The Good, The Bad and the Reasonably Priced Hot Wings

photo: Local

Guest review by Netanya Cummings, student writer in the University of Alberta WRITE 297 program.

It was curious that two of Edmonton’s most introverted and sports-averse residents would choose to endure other patrons’ pilsner-centered babble, and the legion of cloned servers, all subscribing to the decidedly Albertan aesthetic of blonde, pale as ale, and filler-ridden. Nevertheless, Brandon and I found ourselves nursing two Belgian White Shocktop pints ($7.00) at the Local Public Eatery on Jasper Ave and 112th Street. Dining at a sports bar would surely be an ill-fated attempt at trying something new. Which for us, included even the most remote forms of socialization.

Though their website boasted of being like one’s living room, “but with better food and people to serve you beer,” I was promptly reminded of Tarantino’s Hateful Eight cabin refuge. Dimly lit, stiff, and lacking a central heating system. I half expected Kurt Russell to lumber in with a 12-gauge shotgun, all burly moustache and furrowed brows. He’d saunter to the studded leather armchairs and vintage fireplace, where he’d rest his fur-clad form, legs splayed. A quintessential picture of masculinity.

mage result for hateful eight cabin

The Hateful Eight set
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its analogue, The Local Public Eatery

Worn wooden tables were placed in orbit around the restaurant’s most important structure: its bar. This was crowned by a series of oversized flat screen televisions, all displaying in grotesquely vivid detail the contours of football player’s muscle-bound ‘buns’, pardon the witticism. Self-styled gladiators (see: ‘unemployed body-builders’ for disambiguation) sloshed the contents of their beers over the bar’s oak counter, howling and jeering, fists pumping with each…well we wouldn’t have known.  Each goal? Touchdown? Homoerotic wrestling match?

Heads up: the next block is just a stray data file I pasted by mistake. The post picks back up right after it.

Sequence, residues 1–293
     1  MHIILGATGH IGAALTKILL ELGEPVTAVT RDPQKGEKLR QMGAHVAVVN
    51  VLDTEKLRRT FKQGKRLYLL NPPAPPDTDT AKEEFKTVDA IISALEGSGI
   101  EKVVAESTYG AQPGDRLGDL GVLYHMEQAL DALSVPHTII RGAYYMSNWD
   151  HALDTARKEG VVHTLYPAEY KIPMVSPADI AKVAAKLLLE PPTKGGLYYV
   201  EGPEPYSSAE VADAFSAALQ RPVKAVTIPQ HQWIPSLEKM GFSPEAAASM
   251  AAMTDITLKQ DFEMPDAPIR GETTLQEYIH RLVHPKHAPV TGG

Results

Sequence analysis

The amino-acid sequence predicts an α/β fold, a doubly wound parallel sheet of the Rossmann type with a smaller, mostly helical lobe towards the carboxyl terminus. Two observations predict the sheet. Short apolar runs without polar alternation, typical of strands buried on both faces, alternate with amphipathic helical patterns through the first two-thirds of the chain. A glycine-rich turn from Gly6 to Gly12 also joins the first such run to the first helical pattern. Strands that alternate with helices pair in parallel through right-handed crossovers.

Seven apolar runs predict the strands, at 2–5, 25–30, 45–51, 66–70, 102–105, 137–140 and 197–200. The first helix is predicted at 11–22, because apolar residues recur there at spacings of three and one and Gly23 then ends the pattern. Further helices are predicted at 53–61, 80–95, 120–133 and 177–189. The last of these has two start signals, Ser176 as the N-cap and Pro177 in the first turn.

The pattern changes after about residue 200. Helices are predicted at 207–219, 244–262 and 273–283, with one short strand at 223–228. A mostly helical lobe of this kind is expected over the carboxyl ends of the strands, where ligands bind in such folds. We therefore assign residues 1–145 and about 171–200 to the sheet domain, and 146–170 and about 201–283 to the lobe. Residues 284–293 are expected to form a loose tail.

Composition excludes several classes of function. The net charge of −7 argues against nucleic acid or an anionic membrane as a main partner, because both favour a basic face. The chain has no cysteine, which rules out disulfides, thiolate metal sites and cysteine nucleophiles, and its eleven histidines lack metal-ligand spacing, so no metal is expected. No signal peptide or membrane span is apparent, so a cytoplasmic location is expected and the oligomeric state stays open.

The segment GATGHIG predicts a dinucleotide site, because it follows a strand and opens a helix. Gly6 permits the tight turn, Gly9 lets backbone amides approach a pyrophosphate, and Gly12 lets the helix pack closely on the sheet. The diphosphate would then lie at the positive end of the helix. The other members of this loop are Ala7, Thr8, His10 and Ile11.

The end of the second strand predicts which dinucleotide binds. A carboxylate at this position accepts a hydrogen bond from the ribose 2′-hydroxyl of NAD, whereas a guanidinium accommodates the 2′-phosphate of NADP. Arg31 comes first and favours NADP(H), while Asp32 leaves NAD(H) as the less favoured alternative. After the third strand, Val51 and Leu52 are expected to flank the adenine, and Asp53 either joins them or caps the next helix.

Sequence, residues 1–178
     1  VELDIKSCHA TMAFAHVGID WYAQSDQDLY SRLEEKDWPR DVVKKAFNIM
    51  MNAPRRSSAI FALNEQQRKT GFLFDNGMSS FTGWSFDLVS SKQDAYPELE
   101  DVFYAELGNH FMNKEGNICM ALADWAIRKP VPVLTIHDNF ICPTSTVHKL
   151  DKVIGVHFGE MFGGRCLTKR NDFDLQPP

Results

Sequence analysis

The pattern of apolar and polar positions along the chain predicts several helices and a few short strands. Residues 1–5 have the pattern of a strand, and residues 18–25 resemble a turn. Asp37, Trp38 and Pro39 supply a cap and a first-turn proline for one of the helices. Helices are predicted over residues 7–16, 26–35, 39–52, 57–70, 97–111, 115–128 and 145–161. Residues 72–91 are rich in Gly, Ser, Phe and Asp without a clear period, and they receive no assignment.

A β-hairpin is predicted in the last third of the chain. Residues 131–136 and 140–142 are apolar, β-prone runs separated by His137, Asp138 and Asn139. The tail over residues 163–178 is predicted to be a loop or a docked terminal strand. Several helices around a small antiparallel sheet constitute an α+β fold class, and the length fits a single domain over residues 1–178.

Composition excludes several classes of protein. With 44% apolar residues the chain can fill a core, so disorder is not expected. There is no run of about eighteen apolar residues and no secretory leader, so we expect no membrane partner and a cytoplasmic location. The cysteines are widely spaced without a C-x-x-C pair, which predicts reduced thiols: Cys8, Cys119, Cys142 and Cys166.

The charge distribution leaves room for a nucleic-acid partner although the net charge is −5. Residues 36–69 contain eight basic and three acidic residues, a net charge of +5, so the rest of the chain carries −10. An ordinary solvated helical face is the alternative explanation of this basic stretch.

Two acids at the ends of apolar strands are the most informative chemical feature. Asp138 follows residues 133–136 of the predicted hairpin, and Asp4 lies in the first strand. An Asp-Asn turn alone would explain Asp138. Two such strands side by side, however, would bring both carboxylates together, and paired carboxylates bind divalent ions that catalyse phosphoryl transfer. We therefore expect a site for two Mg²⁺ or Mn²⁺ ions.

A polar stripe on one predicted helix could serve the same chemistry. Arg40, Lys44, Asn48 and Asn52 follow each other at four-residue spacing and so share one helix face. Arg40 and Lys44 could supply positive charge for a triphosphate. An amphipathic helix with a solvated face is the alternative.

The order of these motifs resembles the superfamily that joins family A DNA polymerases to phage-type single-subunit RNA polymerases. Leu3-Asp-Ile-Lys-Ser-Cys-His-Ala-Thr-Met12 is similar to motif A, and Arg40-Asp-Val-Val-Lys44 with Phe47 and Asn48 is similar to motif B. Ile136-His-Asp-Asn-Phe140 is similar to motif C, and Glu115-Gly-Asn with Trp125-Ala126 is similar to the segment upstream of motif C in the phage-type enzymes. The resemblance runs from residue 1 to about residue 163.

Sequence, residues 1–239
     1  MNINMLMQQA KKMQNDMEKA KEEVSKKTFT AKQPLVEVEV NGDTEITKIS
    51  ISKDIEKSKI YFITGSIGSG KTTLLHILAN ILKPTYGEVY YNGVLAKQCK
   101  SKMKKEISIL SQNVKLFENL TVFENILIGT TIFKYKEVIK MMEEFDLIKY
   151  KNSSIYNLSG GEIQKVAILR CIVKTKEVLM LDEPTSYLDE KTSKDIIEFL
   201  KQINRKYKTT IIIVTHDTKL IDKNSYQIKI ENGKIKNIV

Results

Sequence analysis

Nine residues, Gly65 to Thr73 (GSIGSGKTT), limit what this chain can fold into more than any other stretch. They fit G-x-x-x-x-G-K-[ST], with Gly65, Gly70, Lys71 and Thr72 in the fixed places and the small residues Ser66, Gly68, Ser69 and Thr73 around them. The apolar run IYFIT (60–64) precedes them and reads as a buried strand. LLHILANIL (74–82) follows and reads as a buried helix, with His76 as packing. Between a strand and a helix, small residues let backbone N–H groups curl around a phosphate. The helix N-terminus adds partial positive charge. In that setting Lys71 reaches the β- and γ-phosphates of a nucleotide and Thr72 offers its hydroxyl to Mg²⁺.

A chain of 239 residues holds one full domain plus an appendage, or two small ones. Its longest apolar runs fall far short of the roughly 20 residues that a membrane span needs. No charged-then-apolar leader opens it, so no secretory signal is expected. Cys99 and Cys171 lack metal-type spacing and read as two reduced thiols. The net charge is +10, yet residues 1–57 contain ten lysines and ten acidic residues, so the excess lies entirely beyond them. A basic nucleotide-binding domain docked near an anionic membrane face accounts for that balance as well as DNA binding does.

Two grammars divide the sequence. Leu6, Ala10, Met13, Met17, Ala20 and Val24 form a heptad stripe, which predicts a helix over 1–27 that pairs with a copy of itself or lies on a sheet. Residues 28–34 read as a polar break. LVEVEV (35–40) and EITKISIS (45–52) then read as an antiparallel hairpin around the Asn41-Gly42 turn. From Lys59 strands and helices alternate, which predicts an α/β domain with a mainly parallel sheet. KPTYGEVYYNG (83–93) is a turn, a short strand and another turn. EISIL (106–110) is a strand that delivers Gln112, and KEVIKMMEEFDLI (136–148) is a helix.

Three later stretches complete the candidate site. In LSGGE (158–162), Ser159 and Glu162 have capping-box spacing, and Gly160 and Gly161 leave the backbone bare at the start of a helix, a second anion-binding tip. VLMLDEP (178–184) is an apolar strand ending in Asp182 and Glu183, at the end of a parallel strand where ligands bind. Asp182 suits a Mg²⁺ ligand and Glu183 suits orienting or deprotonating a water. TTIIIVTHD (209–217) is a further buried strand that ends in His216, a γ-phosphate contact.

Despite the roar emanating from the screens and zealous fans alike, we managed to etch out the beginnings of a conversation. If I stared intently, I could read his lips.


The mulch-colored menu offered a variety of steak dishes, burgers, and fries – items proven to be effective in catering to most proclivities, and all within a very reasonable $16.00-$25.00 range. A slew of ethnically ambiguous options peppered the list; the huevos rancheros, a Malaysian curry bowl, Thai noodle salad, pinche beef tacos, and the ever so inventive, diablo burger. I briefly considered ordering the huevos, but instead decided to indulge in an order of hot wings for $14.25. Perfect for a student like myself, whose assets consisted primarily of pocket lint.

After having abandoned us to our own devices for nearly half an hour, our server reappeared with our meals. It was perhaps unbecoming of a novice reviewer such as myself to not take note of what Brandon had ordered, but quite frankly, I did not care. Or perhaps I’d been so engrossed in the juicy, scalding meat of my wings, fingers bathed in sauce, that I’d forgotten. They were the establishment’s saving grace, and a reminder to myself not to judge a restaurant by its interior design. Fresh, savoury, and with a salsa picante that only the most masochistic would enjoy, they were worth feeling as if one had stepped into a western novella.

Brandon, being vegan, later confided that he hadn’t enjoyed his veggie burger on account of its sawdust-like dry and crumbly texture. I couldn’t relate, but sympathised, seeing as the 17.00$ might’ve been better spent on a pack of store-bought “soy boys”, as we’d christened them.

Being the kind of people that would play Magic the Gathering at lunchtime with our mathlete friends (well, I was – he’d been more of a suave anarchist type), we were somewhat relieved to be leaving what was akin to a house party saturated by nondescript cheerleaders and jocks. I’d gladly return, however, if only to taste those perfectly seasoned wings once more.

Local Public Eatery
11228 Jasper Ave, Edmonton
(780) 420-1980